SecurityBrief NZ - Fresh wave of scammers posing as Microsoft employees

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Fresh wave of scammers posing as Microsoft employees

Microsoft and Netsafe have come together to issue a fresh warning about scammers posing as Microsoft repreentatives.

The organisations say internet users should be aware of the new wave of scammers, who they say are targeting Kiwis with warnings about fake viruses on their computers.

According to Microsoft and Netsafe, the companies have both received a ‘notable’ increase in reports of the scam, which involves scammers trying to defraud people by phone or pop up messages on screen. The scammers claim to be representatives from Microsoft and tell users they have idetified a problem with the user’s device.

The scammers then offer to fix the compromised device and ask for remote access, which can reveal passwords, credit card details, bank account numbers and other information. They may also explicitly ask for payment so that protection software – which is in fact malicious – can be installed. 

According to Netsafe, some people have allowed access to their computers in these ways and have consequently lost money upwards of $400.

Martin Cocker, Netsafe chief executive, says this pattern of phone scamming is not new and variations of it have been circulating for several years.

“The scammers claim to represent the Microsoft brand because the company is well known to have trusted experts, and so the calls may sound genuine,” says Cocker. 

“People are led to believe they are doing the right thing by handing over private passwords or details, but are soon fraudulently charged money, have their identity stolen, find their computer has been infected with viruses or other malware that seriously compromises their security,” he explains.

Microsoft NZ’s marketing and operations director Frazer Scott says the key message Microsoft wants to make clear, once again, to New Zealand internet users is that the company will never call them asking for remote access to their computer.

“Microsoft does not call customers at home saying that we have detected a problem with their computer, and we will never ask for passwords or other private details in any forum,” states Scott.

Cocker says their advice to people who receive suspect calls is to hang up immediately.

"If you have given someone remote access to your device you should immediately end the session and contact Netsafe,” says Cocker.

“If you have given any bank details to a caller, then contact your bank as soon as possible to advise them of the possible fraud.”

Microsoft and Netsafe say that the recent fresh wave of reports about these scams is a timely reminder for people to be vigilant, and refer users to the following advice in the event they are called by a scammer.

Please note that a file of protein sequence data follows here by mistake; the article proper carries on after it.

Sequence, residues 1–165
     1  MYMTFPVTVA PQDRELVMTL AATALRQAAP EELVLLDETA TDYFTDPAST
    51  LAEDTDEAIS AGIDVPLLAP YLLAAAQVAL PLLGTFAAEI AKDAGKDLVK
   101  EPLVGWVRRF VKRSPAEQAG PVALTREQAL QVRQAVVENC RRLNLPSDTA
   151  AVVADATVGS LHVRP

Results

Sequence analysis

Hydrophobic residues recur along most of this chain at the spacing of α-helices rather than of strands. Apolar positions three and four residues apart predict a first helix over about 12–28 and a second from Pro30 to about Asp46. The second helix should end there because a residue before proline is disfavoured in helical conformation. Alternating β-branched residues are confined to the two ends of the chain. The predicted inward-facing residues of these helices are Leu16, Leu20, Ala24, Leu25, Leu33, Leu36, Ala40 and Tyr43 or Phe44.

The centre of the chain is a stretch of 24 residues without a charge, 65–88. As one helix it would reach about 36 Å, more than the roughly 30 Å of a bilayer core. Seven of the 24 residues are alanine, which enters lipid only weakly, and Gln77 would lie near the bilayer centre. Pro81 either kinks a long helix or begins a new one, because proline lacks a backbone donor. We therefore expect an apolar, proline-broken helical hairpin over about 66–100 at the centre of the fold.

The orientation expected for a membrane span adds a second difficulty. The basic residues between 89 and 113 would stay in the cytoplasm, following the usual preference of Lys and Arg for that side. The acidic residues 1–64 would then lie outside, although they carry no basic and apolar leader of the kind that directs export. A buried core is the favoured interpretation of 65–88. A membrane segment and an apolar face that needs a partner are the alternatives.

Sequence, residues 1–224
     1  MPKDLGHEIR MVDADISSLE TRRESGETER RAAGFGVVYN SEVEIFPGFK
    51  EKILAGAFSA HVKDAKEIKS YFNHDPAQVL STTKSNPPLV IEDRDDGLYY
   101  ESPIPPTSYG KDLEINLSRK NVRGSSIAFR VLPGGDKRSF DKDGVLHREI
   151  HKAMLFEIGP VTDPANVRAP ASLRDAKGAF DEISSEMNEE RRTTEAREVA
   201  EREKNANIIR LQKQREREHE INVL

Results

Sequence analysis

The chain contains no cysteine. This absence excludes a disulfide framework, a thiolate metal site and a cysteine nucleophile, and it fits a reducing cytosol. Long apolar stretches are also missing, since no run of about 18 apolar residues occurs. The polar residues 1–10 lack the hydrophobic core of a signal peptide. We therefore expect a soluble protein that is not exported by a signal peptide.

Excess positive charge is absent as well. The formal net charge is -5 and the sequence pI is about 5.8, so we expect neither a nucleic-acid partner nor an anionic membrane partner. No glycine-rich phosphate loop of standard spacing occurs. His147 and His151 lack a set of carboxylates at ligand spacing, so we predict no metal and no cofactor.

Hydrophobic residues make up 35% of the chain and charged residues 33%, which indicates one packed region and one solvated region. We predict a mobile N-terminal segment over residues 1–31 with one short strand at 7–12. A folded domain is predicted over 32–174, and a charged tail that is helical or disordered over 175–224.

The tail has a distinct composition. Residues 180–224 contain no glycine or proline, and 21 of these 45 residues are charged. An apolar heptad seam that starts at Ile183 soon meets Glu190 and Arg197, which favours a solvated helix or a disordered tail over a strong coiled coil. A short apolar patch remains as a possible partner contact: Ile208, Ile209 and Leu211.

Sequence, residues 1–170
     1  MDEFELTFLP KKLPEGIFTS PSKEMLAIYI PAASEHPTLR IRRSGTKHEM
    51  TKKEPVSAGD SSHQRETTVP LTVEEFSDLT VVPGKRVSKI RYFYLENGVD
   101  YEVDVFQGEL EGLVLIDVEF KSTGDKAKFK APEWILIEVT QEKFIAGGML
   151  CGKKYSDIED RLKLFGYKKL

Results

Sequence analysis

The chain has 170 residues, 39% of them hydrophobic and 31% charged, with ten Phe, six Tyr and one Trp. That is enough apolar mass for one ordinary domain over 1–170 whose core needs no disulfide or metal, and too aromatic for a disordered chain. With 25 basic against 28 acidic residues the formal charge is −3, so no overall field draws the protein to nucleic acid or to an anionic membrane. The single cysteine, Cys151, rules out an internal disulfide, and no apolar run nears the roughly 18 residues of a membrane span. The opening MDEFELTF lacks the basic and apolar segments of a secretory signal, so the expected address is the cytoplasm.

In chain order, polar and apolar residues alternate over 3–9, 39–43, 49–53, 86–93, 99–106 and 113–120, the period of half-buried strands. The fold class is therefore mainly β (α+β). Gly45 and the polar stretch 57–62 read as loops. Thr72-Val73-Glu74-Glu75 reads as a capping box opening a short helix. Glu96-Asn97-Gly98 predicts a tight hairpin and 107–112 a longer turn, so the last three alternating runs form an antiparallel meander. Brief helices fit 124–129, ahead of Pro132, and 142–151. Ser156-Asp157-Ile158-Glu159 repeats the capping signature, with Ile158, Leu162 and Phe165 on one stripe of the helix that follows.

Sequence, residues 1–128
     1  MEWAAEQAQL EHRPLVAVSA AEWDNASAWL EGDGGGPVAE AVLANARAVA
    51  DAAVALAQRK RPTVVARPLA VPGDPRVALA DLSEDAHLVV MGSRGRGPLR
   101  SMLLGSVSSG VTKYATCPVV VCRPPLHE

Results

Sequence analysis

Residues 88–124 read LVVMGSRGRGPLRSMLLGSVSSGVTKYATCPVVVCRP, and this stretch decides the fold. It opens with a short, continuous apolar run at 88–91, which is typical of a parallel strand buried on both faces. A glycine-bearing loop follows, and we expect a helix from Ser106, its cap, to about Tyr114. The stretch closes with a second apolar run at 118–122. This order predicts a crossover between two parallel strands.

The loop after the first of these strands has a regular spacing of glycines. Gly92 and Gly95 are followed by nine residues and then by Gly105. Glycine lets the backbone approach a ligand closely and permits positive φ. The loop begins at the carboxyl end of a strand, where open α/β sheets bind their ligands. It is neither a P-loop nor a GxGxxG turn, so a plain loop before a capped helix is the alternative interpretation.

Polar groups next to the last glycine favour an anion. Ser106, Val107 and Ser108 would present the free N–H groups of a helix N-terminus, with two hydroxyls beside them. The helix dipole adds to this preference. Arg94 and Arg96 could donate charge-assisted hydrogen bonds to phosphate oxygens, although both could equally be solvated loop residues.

Features of scammer calls:

  • Overseas caller states they are from Microsoft or a Microsoft certified technician.
  • Suggests the victim’s computer is infected and harming others online or that their ISP has identified their system as a problem.
  • Will get the computer owner to give the caller remote access using a genuine networking service or website like logmein123 or TeamViewer.
  • They will use the ‘Event Viewer’ tool on the computer to highlight error messages which are supposedly signs of an infection.
  • The cold caller will offer to clean up the infection and/or install security software and provide an ongoing support service costing anywhere up to $500.

How to deal with the overseas cold callers:

  • Hang up the phone – engaging with or taunting these companies can lead to you receiving many more calls at all times of the day or night. Some technicians have resorted to threats or abuse to get computer owners to give remote access.

  • If you do give access but become suspicious, disconnect from the session immediately. Netsafe has received some reports of these cold calling companies installing ransomware on the computer to ensure they get paid to unlock the PC.
  • If you have previously given remote access, it may pay to check what has been installed on your computer and be certain there is no way for the company to continue accessing your system and files. Consult a trusted local PC technician if unsure.
  • If you have paid money to these companies using a credit card, call your bank and discuss your options. If you sent funds via Western Union or another wire transfer service, then the money is gone and cannot be recovered.
  • If you have given remote access to your device, handed over private passwords or other information report it Netsafe toll-free on 0508 NETSAFE (0508 638 723) or visit netsafe.org.nz/report 
  • For advice on how to stay safe online visit netsafe.org.nz

 

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